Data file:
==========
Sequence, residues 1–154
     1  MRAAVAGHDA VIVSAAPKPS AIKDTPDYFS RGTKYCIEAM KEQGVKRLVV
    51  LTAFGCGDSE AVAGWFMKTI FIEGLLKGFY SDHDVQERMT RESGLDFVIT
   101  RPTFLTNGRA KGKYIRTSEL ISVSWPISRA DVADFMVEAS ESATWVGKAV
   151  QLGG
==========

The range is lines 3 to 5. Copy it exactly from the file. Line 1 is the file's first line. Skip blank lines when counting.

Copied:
    51  LTAFGCGDSE AVAGWFMKTI FIEGLLKGFY SDHDVQERMT RESGLDFVIT
   101  RPTFLTNGRA KGKYIRTSEL ISVSWPISRA DVADFMVEAS ESATWVGKAV
   151  QLGG